English concept of a “Name” and the Hebrew concept of a “Name”

Clifton Ray Hodges
Clifton Ray Hodges
The English concept of a “Name” and the Hebrew concept of a “Name” aren’t exactly the same thing.
*** In English ***:
• A name is a collection of phonetic sounds with no apparent meaning to English ears. There are exceptions to that like “Hope” or “Faith”, but most names come from foreign languages and mean something in a foreign language, but mean nothing in English. So English ears EXPECT to hear a meaningless string of syllables for a “name”.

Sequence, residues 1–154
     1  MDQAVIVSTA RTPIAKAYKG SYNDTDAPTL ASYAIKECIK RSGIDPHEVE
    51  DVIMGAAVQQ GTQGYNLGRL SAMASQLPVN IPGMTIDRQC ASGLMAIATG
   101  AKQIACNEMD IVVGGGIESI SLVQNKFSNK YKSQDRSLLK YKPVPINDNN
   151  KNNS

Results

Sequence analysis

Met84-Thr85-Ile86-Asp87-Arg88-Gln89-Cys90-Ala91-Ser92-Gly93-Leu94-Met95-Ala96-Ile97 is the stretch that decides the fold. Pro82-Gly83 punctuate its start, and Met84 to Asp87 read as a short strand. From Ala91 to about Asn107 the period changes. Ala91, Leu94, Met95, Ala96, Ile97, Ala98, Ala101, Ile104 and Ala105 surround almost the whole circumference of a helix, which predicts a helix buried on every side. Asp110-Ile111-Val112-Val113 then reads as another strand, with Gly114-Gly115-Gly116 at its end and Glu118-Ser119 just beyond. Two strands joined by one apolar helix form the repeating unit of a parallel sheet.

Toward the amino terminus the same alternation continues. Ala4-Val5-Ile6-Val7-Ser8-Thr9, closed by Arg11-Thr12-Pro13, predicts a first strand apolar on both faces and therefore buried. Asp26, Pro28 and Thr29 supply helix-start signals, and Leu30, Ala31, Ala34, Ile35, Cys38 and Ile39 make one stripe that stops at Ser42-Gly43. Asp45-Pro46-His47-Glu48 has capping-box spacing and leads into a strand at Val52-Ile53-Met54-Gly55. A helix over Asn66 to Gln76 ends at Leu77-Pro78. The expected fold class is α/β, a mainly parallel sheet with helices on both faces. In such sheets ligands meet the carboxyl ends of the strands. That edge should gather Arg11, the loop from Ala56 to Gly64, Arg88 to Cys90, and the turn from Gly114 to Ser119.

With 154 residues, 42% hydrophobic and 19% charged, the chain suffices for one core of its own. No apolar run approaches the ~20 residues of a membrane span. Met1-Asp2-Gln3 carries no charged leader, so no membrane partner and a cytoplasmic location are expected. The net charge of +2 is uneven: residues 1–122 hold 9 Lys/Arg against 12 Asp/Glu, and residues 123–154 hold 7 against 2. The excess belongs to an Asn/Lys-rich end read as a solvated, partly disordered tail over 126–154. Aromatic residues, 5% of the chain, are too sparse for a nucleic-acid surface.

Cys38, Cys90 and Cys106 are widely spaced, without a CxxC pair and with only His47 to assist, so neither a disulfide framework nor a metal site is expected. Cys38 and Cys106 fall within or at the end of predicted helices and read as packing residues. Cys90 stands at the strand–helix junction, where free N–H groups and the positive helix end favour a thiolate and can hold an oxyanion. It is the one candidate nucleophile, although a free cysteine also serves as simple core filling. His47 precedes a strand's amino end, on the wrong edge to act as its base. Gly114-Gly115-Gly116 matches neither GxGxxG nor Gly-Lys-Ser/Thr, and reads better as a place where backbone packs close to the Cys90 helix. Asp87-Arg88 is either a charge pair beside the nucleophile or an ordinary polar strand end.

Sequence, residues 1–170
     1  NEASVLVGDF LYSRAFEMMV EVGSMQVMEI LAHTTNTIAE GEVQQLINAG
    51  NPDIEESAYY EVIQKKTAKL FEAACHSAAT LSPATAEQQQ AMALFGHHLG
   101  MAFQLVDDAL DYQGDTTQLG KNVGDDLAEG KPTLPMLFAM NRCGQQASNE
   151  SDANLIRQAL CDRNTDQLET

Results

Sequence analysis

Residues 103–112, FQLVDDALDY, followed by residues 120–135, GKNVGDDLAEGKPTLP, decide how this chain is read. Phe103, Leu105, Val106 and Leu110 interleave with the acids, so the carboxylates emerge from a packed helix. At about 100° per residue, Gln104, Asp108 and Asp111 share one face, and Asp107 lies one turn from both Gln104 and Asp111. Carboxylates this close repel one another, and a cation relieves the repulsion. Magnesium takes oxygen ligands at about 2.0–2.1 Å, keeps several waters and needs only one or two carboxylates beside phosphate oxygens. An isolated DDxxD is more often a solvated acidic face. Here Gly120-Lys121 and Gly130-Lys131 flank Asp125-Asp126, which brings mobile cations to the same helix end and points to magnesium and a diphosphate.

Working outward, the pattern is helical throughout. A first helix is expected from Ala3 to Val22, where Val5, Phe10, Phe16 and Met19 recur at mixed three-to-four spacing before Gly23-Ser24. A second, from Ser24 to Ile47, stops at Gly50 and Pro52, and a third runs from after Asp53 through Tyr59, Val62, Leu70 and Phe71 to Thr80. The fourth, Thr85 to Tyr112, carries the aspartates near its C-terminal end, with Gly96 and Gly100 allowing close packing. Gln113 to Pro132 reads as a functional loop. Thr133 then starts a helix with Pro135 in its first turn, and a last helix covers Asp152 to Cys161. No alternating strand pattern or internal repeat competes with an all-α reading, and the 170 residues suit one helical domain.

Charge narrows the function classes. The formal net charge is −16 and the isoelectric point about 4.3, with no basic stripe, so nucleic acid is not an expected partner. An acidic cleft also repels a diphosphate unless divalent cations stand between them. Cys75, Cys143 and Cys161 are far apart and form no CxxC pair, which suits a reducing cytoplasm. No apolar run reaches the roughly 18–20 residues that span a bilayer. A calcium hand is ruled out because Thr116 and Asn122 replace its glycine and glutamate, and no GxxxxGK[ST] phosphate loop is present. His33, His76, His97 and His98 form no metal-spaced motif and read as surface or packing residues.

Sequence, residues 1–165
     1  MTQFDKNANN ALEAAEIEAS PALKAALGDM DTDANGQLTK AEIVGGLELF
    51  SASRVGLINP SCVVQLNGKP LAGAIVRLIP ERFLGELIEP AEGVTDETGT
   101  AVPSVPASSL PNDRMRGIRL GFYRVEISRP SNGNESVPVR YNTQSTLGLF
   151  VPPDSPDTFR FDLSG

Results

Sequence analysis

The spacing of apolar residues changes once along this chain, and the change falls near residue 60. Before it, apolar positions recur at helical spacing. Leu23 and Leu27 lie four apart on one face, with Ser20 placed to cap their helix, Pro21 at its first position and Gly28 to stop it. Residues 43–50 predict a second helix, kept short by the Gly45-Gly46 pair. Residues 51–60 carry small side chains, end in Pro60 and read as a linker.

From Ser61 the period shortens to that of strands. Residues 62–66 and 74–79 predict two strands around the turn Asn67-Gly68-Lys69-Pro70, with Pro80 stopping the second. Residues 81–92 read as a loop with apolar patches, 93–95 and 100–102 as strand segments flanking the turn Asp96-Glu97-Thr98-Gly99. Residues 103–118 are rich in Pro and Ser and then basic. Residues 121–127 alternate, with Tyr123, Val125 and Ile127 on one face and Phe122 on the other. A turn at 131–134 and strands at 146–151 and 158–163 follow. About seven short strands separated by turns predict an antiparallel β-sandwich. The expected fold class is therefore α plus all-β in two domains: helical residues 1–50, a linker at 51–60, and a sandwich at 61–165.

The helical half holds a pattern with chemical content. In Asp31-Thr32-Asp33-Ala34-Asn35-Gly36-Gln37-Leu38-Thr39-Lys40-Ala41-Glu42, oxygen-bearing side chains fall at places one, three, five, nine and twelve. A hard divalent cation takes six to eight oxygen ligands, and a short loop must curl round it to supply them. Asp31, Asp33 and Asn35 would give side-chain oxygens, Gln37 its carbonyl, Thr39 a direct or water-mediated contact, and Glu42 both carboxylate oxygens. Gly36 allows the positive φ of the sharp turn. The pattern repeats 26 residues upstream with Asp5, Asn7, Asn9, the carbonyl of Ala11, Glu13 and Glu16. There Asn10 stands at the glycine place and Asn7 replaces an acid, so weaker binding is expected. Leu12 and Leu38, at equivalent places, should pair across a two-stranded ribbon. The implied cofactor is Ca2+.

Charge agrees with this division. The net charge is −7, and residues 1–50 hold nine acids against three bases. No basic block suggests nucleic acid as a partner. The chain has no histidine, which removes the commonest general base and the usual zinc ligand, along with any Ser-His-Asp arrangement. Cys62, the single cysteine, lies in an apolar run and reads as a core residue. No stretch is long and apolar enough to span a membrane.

• A title describes your role and/or what you do.

*** In Hebrew ***:

• A Name describes your character, your role, what you do, something about you or your life, where you were born, etc.
• A title is a name. Since a Hebrew “name” has meaning, there is not the same distinction between a “title” and a “name” which exists in English. Hebrew uses the word “shem” for what we would call a “name” and for what we would call a “title” in English. “Wonderful”, “Counselor” and “Prince of Peace” are called NAMES (shems) in Isaiah chapter 9.